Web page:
Asteroids: NASA spots potential landing site for OSIRIS-REx on asteroid Bennu
NASA is closely monitoring the asteroid Bennu, with its OSIRIS-REx spacecraft hovering over the rock for the past two years. Recently, the agency was able to examine a potential landing site on the asteroid.
The OSIRIS-REx spacecraft snapped a slew of photos of the surface of asteroid Bennu, with NASA piecing all the photos together to form a map. By October, the spacecraft will dislodge and take samples of the asteroid from a different region of the meteor referred to as the Nightingale. Still, the agency will use the mosaic map created of Bennu’s surface to look for a backup landing area in Osprey.
The map shows Osprey in a crater at the bottom part of the photo just above the dark spot in the heart of the crater. Scientists are hoping to be able to get 60 grams of a sample of the surface of the asteroid for further analysis. These asteroid samples will allow astronomers to better understand the Solar System and its history. NASA is anticipating that some of the minerals that may be present in the asteroid could predate the Solar System itself as Bennu is an ancient asteroid and thus a sample from Bennu could provide more understanding to what the solar system was like before and probably even the origins of life outside Earth.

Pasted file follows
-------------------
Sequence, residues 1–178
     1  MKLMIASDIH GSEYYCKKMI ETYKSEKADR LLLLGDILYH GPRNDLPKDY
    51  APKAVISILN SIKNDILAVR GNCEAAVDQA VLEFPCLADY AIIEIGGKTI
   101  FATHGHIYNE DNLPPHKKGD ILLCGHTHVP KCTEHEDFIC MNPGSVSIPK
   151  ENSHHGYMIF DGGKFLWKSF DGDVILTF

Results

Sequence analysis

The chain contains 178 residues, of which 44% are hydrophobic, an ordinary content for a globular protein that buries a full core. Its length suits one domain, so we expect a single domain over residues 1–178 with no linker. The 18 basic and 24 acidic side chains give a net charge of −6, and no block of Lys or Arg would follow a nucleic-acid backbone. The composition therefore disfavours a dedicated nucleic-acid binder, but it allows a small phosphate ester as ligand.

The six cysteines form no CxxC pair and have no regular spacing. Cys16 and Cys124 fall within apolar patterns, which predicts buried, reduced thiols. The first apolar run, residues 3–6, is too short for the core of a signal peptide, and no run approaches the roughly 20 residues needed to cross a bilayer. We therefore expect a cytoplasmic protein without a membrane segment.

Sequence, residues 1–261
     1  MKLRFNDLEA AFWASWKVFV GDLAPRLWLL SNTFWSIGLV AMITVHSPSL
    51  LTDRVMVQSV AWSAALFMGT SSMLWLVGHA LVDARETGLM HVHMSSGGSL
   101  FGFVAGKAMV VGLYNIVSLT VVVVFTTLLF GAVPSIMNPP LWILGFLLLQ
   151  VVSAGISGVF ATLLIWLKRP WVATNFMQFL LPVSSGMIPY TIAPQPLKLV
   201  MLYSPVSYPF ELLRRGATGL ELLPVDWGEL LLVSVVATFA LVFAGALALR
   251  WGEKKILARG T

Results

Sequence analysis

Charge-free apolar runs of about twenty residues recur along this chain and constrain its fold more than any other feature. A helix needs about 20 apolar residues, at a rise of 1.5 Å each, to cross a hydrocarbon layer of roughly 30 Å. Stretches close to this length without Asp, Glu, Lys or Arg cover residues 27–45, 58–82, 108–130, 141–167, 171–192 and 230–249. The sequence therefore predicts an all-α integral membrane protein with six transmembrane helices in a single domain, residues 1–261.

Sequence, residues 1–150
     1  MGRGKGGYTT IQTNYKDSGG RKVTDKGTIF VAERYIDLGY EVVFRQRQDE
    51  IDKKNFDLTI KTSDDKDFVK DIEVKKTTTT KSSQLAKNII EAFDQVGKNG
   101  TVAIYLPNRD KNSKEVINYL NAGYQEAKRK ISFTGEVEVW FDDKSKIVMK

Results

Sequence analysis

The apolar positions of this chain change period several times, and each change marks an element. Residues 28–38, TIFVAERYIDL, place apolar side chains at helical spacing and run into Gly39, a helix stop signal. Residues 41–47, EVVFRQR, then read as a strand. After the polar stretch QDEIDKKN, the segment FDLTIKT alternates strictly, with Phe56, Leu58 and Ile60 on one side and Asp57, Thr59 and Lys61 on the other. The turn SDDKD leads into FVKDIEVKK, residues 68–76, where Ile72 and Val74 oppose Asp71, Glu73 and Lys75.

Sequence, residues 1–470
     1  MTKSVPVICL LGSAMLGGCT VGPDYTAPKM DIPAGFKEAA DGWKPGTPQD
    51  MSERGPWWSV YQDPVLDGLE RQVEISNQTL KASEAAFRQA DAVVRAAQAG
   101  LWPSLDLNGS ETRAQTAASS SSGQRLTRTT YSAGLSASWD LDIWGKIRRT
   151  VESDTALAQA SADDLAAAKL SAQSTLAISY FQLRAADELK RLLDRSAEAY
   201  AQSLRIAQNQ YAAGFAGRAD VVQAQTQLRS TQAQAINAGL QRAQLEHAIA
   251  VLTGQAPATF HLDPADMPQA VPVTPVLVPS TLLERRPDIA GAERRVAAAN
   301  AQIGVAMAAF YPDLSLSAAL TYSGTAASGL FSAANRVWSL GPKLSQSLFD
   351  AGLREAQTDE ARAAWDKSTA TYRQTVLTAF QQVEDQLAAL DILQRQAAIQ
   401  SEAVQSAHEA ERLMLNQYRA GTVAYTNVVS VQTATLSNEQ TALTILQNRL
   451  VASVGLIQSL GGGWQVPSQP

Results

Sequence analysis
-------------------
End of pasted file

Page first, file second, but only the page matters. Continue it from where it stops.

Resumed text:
In the meantime, NASA’s asteroid trackers have detected three asteroids that will be Earthbound in the next 48 hours. All three asteroids are classified as Near-Earth Objects or NEOs and do not pose any threat to the planet. The first of which is passing by Earth tonight, referred to as 2020 KY, and will only get as close as 4.1 million miles from Earth.
Two asteroids will be zooming by Earth tomorrow, June 11th, asteroid 2020 JQ2, and 2020 JS1. JQ2 is around the same size as a passenger plane and will pass by Earth, getting as close as 3.6 million miles away from Earth. JS1 will be passing by the closest at a distance of 2.3 million miles.
The impact the asteroid may have if it collides with Earth will depend on its size. Smaller asteroids are more than likely to burn up as it hits the atmosphere. Asteroids that are a little larger but less than 1 kilometer in diameter will likely only cause damage to the area it crashes on. Potentially hazardous asteroids can cause damage at a global scale.